Social Impact Heroes: Why & How Emily Drabinski of American Library Association Is Helping To…

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Social Impact Heroes: Why & How Emily Drabinski of American Library Association Is Helping To Change Our World

You are not alone! I’ve always been someone who takes on the weight of the world, crediting myself with responsibility for everything from climate change to catching a cold. Leaders can’t do it all and I’ve learned a lot about how to draw on the strengths of the people around me.

As part of my series about “individuals and organizations making an important social impact”, I had the pleasure of interviewing Emily Drabinski.

Emily Drabinski, interim chief librarian at The Graduate Center, City University of New York is the 2023–2024 president of the American Library Association (ALA). Drabinski has served as chair of the International Relations Committee (2020–21), ALA councilor-at-large (2018–20) and chair of the Association of College and Research Libraries (ACRL) Information Literacy Frameworks and Standards Committee (2019–20). She is an active member of ACRL and Core (Core: Leadership, Infrastructure, Futures). She is co-chair of the ACRL President’s Program Planning Committee (2020–21) and serves as reviews editor for College & Research Libraries. She is also a member of several round tables: the International Relations Round Table (IRRT), the Library Support Staff Interests Round Table (LSSIRT), the Social Responsibilities Round Table (SRRT), the Sustainability Round Table (SustainRT), and the Ethnic and Multicultural Information Exchange Round Table (EMIERT). Drabinski is a member of several ALA affiliates: the Black Caucus of ALA (BCALA), REFORMA: The National Association to Promote Library and Information Services to Latinos and the Spanish-speaking, the American Indian Library Association, the Asian Pacific American Librarians Association, and the Chinese American Librarians Association. Drabinski holds an MLIS from Syracuse University, a BA in political science from Columbia University and an MA in composition and rhetoric from Long Island University, Brooklyn. To learn more about Emily Drabinski, please visit her website.

Thank you so much for joining us in this interview series! Can you tell us a story about what brought you to this specific career path?

I moved to New York City from my hometown of Boise, Idaho with big dreams of becoming a writer. After a few years of working toward that goal, I realized I wanted to do work that was bigger than me, that served a larger purpose. A friend suggested I apply for a job at the New York Public Library. I did that and applied to library school that same week. I instantly knew I was in the right place. I am drawn to our shared mission of providing equitable access to information for everyone.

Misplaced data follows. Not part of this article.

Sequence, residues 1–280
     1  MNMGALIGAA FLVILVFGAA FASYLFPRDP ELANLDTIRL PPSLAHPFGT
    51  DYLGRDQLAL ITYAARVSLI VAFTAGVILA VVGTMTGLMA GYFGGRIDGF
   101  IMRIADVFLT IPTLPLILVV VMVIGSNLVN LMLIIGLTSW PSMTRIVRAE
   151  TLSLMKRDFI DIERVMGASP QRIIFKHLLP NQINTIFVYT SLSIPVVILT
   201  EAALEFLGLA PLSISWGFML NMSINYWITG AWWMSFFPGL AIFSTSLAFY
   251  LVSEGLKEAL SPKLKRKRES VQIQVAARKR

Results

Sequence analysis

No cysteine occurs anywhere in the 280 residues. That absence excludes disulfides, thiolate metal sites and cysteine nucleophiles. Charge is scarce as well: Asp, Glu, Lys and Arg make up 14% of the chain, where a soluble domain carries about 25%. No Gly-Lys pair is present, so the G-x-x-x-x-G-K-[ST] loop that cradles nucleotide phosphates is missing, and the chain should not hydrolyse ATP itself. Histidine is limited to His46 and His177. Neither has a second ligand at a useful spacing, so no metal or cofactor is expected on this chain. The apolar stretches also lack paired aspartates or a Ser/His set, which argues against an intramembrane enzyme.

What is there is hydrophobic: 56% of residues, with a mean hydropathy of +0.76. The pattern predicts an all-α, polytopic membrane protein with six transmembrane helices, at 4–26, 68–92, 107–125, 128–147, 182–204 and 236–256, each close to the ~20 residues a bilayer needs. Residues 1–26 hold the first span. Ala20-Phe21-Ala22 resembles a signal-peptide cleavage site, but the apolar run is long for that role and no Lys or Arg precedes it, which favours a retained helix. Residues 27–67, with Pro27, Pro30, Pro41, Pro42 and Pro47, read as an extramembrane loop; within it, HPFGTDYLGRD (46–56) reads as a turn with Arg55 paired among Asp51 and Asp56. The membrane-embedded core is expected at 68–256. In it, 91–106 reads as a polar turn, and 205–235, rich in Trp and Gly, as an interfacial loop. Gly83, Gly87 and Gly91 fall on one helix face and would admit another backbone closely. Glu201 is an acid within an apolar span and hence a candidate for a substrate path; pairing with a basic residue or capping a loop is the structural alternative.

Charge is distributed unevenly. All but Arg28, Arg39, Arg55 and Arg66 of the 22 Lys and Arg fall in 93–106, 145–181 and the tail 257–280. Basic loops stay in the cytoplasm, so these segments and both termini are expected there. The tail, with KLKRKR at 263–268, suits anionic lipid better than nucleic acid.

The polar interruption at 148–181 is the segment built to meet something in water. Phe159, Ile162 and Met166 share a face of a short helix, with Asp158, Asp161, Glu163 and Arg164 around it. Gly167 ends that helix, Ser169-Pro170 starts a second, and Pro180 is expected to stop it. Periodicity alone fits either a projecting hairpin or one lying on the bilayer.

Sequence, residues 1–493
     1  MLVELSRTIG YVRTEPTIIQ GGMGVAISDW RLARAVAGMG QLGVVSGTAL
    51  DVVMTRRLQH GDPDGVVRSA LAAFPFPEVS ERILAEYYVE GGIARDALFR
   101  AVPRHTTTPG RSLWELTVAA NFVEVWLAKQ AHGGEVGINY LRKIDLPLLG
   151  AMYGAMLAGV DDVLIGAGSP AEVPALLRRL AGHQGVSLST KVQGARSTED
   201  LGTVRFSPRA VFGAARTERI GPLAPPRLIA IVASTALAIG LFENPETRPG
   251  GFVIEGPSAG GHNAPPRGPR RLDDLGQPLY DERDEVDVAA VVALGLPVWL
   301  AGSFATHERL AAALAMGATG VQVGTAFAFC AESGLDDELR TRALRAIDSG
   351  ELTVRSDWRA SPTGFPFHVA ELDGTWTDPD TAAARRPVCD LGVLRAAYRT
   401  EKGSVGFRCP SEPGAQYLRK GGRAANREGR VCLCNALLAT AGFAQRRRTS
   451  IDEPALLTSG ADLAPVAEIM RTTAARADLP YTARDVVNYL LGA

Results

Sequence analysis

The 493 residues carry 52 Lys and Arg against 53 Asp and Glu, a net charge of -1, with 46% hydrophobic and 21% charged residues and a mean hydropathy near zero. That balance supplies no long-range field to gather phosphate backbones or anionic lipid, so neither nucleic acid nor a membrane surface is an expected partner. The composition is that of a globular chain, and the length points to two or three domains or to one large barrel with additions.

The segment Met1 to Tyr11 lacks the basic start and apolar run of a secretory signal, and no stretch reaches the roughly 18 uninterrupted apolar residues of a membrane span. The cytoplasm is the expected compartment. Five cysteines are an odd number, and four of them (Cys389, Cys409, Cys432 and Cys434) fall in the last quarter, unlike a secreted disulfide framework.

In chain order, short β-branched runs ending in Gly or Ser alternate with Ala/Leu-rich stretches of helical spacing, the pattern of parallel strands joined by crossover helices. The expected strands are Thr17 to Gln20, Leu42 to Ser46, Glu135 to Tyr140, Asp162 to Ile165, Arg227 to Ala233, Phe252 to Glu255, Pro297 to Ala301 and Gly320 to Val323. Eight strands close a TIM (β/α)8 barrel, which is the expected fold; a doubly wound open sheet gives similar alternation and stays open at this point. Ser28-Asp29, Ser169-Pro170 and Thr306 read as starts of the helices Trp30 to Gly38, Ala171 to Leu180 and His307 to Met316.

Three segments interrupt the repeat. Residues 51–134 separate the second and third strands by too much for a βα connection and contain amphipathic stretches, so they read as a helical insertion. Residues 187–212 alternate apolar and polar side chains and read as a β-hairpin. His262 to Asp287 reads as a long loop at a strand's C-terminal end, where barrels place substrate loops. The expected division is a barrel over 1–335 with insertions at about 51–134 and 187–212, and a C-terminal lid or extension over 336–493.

Can you share the most interesting story that happened to you since you began leading your company or organization?

I’ve been a librarian for more than twenty years and a member of the American Library Association for almost as long. What has been most interesting for me is the amount that I didn’t know about what libraries are, who we serve, and the extraordinary impact we can make. Members in our Rainbow Round Table advocate for the rights of LGBTQ+ library staff and readers through shared book lists, social activities and collective action. Our Government Documents Round Table works on the knotty problems of preserving the history of the country’s institutions in a digital environment. Our International Relations Committee fosters global connections that enhance librarianship around the world. Our Core Division advances cutting edge library technologies, and that’s just a tiny sliver of what we do! The scope of American libraries and the association continually blows me away.

It has been said that our mistakes can be our greatest teachers. Can you share a story about the funniest mistake you made when you were first starting? Can you tell us what lesson you learned from that?